From The Art Of Community by O'Reilly (http://www.artofcommunityonline.org) by Jono Bacon
Effective environments are built on effective processes. As a community leader, your goal is to build an environment that offers rich opportunities and is simple to engage with. So you need to figure out which processes you need in your community and apply your recipe and best- practice concepts from earlier in the chapter.
Processes can be broadly divided into three primary categories:
- Environment and strategy
- This is a continuation of the strategy that we built earlier: the general concepts that apply to everyone in your community, such as milestones, direction, processes that define how people collaborate, and external feedback.
- The technical nuts and bolts and tools of your community: the day-to-day facilities that your community members require to get things done.
- The governing bodies, legislation, rules of engagement, and other more political components required to organize and govern your community.
Each of these three areas is of significant importance in building a strong community.
The Gates of Your Community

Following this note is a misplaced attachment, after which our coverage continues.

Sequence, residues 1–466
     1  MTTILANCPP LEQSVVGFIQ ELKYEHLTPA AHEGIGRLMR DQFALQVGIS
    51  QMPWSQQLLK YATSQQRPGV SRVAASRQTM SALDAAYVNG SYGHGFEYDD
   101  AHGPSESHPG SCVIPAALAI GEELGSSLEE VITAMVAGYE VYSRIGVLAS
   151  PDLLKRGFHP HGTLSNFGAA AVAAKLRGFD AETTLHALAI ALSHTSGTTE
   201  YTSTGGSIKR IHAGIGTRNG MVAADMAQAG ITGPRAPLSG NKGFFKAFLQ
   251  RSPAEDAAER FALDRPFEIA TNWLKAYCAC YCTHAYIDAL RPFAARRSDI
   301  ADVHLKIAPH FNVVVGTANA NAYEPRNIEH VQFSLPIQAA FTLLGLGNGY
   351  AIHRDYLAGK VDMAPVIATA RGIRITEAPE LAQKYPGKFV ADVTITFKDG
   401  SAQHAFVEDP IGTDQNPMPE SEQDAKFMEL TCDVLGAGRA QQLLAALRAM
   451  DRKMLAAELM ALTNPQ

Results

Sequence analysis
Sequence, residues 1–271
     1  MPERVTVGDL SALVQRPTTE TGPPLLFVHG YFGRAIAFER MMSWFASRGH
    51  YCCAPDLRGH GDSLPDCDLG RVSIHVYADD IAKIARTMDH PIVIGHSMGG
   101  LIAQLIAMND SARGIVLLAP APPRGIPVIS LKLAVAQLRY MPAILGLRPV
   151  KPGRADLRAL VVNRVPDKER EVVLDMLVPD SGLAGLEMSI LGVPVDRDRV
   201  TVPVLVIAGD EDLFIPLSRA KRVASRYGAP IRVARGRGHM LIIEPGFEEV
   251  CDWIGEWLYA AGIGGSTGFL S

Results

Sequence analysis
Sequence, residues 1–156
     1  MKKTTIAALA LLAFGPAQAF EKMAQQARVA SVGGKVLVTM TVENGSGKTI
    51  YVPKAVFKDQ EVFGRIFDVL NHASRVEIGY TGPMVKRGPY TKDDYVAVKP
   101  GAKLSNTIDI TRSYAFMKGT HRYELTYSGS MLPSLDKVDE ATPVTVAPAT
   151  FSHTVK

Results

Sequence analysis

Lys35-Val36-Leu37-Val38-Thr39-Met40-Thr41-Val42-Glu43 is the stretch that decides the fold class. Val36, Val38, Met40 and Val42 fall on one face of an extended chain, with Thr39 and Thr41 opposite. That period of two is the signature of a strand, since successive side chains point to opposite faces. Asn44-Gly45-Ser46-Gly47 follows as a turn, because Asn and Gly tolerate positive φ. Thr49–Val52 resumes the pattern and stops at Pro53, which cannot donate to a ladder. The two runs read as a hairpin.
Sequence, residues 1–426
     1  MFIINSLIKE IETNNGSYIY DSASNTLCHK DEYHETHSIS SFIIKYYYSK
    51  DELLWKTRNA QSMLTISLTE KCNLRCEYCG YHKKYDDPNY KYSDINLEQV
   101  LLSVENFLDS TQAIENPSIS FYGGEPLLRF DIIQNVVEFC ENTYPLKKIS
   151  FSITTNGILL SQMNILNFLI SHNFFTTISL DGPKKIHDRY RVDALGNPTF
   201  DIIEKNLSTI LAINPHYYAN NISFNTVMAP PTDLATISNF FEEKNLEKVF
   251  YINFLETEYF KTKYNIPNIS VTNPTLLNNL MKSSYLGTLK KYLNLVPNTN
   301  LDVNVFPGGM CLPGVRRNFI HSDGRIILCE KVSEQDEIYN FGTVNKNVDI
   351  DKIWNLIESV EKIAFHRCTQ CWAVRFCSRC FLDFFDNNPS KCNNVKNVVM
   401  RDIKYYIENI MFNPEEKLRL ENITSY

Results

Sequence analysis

Attracting new contributors is an essential part of any community. Earlier we used this item as an example in fleshing out a description of our process. I want to now explore this important item in more detail.
In attracting contributors, our goal is not merely getting the word out; it is about getting the word out to the right people and ensuring that they can join us in achieving our goals.
In this work we have two primary outcomes that we want to achieve:
- To ensure that the on-ramp from consumer of buzz to full-fledged community member is as smooth as possible.
- To attract community members who will demonstrate commitment and a willingness to work toward the goals of the community.
The first point may seem obvious, but the second is more subtle. What we want to avoid are drive-by contributors. These are people who join a community for a few weeks, you help them get up and running, and they then get bored and move on.
Drive-by contributors are expensive, not necessarily financially, but in terms of time. Contributors often require a certain level of (wo)manpower. The community responds to their questions and provides the help, guidance, training, and mentorship needed to get them on their feet. If these contributors receive this assistance and fail to deliver anything of value, they become expensive propositions.